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Best of 2010: Our Top Stories

This year was a busy one for engineers all over the world. From inventing bendable computer screens to unlocking a secret room in a 4,500-year-old pyramid, scientists and engineers broke new ground in numerous ways.

We at eGFI have also been busy chronicling the most awe-inspiring innovations and stories, so without further ado, we present:

The Most Popular, Interesting, Weird, or Just Plain Cool eGFI Blog Posts of 2010

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Cars That Drive Themselves

This country is in desperate need of road safety – in 2008, 37,000 people died in car accidents in the United States. The greatest threat to drivers is other drivers, as the leading causes of accidents are distractions such as texting, rubbernecking, or gazing at the scenery.

That’s why Google engineers have been working on vehicles that can drive themselves, using artificial-intelligence software that mimic a human driver.

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Blast from the Past: A Vintage Engineering Video on Differential Gears

Ever wonder how cars can make turns without skidding? Well, you have engineers to thank – more specifically, those who invented the differential (a device which allows the wheels of a car to turn at different speeds).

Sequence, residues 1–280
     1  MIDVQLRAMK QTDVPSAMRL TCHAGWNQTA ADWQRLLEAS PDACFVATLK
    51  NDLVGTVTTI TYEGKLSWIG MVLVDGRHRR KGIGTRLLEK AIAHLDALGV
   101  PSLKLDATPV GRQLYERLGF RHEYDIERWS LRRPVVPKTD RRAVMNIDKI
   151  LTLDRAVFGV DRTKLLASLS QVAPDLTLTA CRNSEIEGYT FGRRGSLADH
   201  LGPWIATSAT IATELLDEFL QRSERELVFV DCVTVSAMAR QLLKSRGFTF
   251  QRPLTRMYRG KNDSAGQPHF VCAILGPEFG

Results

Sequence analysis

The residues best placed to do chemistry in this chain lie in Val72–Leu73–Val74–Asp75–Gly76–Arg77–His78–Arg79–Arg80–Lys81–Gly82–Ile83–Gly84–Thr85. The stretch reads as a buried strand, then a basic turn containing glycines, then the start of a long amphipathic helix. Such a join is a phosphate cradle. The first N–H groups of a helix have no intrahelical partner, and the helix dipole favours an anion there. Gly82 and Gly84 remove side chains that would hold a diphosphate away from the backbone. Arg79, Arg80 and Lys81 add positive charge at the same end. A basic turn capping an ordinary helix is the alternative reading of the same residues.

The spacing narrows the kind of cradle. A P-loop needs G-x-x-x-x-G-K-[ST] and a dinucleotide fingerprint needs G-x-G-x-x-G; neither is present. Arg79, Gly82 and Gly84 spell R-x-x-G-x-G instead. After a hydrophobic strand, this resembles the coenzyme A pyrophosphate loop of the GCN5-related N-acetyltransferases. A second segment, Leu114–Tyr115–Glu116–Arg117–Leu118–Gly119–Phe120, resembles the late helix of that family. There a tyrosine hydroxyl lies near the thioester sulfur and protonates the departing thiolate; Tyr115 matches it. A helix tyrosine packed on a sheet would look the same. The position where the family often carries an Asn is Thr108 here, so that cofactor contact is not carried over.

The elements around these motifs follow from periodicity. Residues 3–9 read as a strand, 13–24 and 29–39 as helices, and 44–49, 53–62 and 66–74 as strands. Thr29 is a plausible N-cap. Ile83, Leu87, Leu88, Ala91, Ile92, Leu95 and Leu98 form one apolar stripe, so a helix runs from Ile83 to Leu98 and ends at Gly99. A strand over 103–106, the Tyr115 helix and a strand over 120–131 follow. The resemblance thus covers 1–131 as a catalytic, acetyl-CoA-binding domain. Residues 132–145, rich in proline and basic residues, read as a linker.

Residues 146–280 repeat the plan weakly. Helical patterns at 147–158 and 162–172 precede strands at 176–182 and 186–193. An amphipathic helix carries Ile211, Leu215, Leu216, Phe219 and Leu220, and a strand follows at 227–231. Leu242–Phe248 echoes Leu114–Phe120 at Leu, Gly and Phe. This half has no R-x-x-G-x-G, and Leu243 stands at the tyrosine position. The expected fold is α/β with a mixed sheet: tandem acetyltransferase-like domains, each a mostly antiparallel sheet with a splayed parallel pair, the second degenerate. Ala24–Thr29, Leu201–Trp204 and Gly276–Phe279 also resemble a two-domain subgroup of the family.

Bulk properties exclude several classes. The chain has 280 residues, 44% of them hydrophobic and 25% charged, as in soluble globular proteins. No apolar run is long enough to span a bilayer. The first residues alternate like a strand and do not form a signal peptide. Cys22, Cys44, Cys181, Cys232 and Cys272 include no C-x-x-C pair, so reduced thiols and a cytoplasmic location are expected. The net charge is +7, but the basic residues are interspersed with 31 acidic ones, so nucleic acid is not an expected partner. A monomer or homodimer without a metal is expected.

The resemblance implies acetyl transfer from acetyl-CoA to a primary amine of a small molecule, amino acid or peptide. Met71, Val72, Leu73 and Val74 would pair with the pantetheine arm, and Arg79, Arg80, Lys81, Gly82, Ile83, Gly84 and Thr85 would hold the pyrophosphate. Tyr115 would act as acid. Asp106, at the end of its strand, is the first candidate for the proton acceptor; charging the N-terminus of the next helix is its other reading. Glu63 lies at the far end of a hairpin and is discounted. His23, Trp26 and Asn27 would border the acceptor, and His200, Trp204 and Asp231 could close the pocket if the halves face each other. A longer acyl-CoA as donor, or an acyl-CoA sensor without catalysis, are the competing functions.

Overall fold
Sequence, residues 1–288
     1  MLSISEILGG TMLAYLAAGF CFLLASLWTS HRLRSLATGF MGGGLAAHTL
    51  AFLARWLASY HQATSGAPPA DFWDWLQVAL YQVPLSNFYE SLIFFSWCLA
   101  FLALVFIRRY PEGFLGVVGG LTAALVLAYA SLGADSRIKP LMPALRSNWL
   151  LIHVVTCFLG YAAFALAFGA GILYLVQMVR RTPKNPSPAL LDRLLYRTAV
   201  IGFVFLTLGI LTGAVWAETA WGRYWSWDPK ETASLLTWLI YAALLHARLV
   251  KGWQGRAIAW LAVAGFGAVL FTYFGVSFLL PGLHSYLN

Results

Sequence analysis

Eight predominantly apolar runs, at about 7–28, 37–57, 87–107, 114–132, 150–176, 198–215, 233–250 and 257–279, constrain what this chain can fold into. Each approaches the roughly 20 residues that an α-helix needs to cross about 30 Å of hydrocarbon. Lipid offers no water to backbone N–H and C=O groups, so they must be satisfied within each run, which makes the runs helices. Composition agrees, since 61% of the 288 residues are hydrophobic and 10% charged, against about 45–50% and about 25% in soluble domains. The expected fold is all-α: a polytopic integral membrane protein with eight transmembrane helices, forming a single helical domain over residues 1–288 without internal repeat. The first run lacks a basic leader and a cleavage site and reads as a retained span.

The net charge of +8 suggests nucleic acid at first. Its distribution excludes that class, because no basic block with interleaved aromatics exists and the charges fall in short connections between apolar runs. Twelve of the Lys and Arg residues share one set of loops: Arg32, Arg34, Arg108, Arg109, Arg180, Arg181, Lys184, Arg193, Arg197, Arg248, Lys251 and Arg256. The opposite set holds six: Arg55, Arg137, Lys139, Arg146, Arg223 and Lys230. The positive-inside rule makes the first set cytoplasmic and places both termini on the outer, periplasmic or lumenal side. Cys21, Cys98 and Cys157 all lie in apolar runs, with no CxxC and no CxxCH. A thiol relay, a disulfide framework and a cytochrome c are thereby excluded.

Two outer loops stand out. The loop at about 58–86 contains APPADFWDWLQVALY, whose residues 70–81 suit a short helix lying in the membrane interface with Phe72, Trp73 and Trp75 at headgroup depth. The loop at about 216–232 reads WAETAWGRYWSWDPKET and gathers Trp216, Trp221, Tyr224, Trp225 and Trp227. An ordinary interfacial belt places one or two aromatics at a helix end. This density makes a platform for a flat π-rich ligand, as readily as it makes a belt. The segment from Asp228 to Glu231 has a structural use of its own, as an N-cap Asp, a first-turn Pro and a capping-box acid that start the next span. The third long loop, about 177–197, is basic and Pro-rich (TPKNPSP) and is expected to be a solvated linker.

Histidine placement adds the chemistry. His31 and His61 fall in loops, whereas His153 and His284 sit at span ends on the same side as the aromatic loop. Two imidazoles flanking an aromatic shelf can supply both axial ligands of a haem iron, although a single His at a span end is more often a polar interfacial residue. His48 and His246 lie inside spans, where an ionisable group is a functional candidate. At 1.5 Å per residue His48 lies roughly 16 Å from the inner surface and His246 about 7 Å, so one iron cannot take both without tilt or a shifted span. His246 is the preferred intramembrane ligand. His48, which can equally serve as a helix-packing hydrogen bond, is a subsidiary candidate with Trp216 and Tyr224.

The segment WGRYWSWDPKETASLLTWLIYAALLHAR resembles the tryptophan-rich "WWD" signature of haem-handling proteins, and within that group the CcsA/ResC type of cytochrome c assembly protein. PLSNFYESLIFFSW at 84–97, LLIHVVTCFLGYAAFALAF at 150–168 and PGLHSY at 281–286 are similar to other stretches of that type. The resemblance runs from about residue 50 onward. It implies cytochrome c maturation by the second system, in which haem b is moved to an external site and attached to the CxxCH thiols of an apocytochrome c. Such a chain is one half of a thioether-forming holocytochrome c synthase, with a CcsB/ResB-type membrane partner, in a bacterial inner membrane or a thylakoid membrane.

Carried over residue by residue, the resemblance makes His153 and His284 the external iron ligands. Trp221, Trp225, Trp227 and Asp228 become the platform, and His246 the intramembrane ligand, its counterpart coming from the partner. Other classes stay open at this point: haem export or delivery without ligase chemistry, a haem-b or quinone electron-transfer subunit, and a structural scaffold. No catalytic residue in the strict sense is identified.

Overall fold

This vintage engineering tutorial, made by the General Motors, clearly and engagingly explains how differential gears work. Posted on YouTube last year, it has now received close to a million views – not bad for something made in 1937!

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Undergrads Build World’s Fastest Electric Car

If you need examples of cool things engineers can do in college, consider this: mechanical engineering students from Ohio State University work together building alternative-fuel race cars as part of the Buckeye Bullet team.

Not cool enough? Well, the team just broke the electric car land speed world record with their most recent vehicle, the Buckeye Bullet 2.5.

Racing on the Bonneville Salt Flats in Utah last week, the Bullet 2.5 reached a peak speed of 320 miles per hour and logged a two-way average speed of 307.66 miles per hour.

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Human-Powered Car Would Make Fred Flintstone Jealous

You’ve no doubt heard of electric hybrid cars, but a human-powered hybrid? Not only is it real and most likely coveted by the Flintstone family, but you may be able to own one as soon as next year.

With four passengers cranking the handles, the HumanCar can run on kinetic energy alone, and with fewer participants it relies partially on electricity.

How much more fun (and social!) would highway driving be if everyone used a car like this? Can we get a Yabba-Dabba-Doo?!

Video after the jump.

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